Eliminating Low-end Rumble

Eliminating low-end rumble is an essential task in most mixes.

Low-end rumble refers to low-end frequency content that doesn't provide any musical information. It's the noise that muddies up the bass elements of the mix and eats away at precious headroom. In addition to the typical culprits of mechanical noise (footsteps, ventilation, touching the mic or mic stand, traffic, etc.), I also typically group low-frequency electromagnetic interference in with low-end rumble.

This low-frequency information isn't needed and is best eliminated altogether. This job is best accomplished with an EQ's high-pass filter.

We can start with an HPF cutoff frequency of 20 Hz (the lower limit of human hearing) and work our way upward until the piano or keyboard become noticeably thin in the context of the mix. From there, we should back up about 15-20% and set the filter.

As we continue mixing, it may very well be the case that the low-end of the piano or keyboard interacts poorly with the mix's low-end elements, notably the bass guitar and kick drum. In this case, increasing the high-pass filter's cutoff frequency is often beneficial to a point where the bass and kick can be heard more clearly.

Use your ears when setting high-pass filters, as there's more than meets the eye (knowing the cutoff frequency).

Firstly, we have the psychoacoustic phenomenon known as the “missing fundamental”, which states that our brains can effectively fill in the fundamental information of a musical instrument (the note being played) when presented with only the harmonics of that instrument (and the specific notes being played). This means that we can still comprehend the low-end information of a piano or keyboard, even if they're high-pass above their low-end frequencies.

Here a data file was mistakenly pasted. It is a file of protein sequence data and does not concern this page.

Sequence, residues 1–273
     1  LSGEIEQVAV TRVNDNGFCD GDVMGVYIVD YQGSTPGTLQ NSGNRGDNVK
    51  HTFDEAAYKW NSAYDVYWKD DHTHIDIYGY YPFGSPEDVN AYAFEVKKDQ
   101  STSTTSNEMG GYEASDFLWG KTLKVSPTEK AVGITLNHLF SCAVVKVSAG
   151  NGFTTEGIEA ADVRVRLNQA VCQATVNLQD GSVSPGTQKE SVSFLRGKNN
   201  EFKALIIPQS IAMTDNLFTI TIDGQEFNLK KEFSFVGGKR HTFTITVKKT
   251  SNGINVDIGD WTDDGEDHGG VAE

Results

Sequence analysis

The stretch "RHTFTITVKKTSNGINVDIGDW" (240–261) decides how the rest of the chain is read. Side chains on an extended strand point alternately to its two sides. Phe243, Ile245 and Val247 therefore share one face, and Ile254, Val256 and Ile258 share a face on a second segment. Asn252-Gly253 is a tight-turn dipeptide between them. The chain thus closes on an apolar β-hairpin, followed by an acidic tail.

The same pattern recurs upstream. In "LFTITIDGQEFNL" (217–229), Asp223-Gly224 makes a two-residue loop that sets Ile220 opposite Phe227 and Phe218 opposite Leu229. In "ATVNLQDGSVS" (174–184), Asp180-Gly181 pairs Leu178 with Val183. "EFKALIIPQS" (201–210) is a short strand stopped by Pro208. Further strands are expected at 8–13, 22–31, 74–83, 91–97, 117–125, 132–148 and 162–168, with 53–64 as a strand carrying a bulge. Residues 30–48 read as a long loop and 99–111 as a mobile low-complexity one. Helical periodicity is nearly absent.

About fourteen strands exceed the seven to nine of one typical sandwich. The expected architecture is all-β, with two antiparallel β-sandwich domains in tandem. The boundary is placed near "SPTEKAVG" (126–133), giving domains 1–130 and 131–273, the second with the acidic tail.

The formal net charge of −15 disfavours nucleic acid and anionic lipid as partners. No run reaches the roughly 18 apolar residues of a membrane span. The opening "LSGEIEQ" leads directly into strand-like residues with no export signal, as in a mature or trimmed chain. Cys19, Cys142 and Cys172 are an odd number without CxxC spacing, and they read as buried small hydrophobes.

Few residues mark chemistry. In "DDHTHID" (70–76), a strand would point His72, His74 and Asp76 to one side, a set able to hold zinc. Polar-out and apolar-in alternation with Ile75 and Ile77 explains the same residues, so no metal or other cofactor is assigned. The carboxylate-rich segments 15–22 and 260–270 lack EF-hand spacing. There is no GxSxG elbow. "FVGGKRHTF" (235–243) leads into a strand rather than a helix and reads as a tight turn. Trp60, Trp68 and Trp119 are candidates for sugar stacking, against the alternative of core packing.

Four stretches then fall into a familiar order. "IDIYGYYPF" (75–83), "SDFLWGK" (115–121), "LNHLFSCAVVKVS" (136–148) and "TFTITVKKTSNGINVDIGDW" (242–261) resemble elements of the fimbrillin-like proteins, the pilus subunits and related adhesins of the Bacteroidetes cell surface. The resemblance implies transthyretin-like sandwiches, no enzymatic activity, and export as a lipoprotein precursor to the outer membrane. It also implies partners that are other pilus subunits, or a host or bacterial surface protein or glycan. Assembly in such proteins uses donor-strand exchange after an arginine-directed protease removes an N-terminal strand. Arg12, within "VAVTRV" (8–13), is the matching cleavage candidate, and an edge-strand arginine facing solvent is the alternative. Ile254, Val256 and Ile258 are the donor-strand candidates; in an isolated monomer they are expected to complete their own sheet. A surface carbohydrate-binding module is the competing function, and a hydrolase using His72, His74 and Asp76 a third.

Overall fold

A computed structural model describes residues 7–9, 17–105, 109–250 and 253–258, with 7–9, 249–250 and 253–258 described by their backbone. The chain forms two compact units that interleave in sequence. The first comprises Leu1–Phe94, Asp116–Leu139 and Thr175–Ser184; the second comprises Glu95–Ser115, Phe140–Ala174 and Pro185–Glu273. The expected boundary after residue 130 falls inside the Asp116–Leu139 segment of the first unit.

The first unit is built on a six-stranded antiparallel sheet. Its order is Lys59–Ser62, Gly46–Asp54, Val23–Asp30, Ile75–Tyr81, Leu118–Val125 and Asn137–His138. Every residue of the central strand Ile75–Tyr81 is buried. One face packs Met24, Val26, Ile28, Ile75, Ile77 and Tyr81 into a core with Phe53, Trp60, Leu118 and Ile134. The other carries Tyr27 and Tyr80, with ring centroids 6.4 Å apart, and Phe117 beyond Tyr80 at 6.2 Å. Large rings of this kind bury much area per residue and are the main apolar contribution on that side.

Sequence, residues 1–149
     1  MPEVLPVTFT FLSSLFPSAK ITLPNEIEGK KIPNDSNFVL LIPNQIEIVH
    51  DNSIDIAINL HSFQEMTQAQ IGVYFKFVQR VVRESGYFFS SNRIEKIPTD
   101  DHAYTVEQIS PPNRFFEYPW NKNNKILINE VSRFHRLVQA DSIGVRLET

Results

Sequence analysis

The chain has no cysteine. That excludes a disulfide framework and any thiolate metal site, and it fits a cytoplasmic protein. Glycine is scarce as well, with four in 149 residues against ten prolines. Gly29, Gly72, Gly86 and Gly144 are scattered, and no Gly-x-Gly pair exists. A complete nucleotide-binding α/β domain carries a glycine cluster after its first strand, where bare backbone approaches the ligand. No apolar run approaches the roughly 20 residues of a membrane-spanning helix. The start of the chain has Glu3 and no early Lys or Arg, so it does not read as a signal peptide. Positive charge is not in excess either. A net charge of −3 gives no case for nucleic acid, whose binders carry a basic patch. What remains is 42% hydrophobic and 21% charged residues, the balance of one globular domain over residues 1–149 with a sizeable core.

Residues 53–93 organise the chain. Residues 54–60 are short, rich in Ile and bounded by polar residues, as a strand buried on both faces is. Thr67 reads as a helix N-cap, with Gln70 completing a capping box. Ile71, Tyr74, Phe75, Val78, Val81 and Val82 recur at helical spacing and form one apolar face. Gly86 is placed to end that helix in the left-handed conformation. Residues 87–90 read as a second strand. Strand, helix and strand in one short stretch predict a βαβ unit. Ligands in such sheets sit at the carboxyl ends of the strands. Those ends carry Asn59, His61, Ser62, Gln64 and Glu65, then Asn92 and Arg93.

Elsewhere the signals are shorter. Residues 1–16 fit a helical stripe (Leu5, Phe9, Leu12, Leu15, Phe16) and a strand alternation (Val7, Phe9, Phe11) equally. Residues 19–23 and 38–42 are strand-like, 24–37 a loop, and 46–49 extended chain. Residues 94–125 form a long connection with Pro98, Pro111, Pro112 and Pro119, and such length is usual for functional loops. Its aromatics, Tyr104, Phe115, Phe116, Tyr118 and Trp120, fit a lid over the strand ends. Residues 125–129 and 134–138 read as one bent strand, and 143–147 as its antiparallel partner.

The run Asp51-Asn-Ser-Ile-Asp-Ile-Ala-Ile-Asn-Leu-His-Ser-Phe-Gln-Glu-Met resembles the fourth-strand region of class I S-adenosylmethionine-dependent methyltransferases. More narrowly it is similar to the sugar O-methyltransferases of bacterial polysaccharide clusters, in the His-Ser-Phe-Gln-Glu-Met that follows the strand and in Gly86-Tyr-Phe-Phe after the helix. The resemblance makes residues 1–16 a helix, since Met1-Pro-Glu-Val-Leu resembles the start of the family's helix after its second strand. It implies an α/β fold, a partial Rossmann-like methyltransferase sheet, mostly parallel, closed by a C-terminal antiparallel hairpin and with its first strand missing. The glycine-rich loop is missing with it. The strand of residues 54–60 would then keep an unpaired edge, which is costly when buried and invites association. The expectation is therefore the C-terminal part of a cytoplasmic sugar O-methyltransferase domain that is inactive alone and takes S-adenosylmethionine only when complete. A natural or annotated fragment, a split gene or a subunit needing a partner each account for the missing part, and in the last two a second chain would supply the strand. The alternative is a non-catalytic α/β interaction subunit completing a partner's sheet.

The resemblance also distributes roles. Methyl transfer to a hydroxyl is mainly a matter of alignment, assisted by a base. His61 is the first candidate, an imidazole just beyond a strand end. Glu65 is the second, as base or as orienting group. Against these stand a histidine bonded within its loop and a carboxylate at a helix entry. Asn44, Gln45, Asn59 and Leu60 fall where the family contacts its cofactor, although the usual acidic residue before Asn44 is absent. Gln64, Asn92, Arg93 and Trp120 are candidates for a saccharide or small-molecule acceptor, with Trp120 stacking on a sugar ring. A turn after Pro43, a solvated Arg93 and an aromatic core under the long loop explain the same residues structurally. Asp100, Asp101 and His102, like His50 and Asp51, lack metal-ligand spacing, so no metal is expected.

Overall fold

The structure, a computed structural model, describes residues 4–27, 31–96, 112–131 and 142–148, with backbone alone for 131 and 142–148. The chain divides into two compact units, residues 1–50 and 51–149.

Secondly, EQ causes inherent phase shifting. At low frequencies, such phase shifting can lead to constructive and destructive phase relationships between the piano or keyboard and the other bass elements, especially at and below the cutoff frequency. Beware of such phase relationships, as they'll affect the overall mix in addition to the attenuation caused by the high-pass filter.

To learn more about high-pass filters, check out my article Audio EQ: What Is A High-Pass Filter & How Do HPFs Work?


Rid Of Potential Resonances

When dealing with pianos recorded acoustically, we may find annoying resonances in the audio. These resonances can come from the instruments, the microphones used to record them, or, more commonly, the acoustic and physical environment.

This is also true of certain patches in keyboards and synthesizers, especially when they're programmed quickly by musicians.

Regardless of how they come about, resonances aren't exactly flattering to the mix. If you hear annoying resonances in the piano or keyboard tracks, you can seek them out and notch them down using what I call “the parametric sweeping technique”.

As the name suggests, this technique takes a parametric EQ. Boost a narrow band (6 dB or more is a good starting point) and sweep the band across the frequency spectrum. As the resonant frequency is boosted even more by the EQ, it will really poke its ugly head through the mix. Once found, we can adjust the gain of the EQ band to the negative and notch the frequency from the signal.

Always A/B test your findings by toggling the EQ on and off. Repeat the process if you didn't quite find the right frequency (re-doing the step) or if there are other resonant frequencies worth addressing (by introducing another band in the parametric EQ).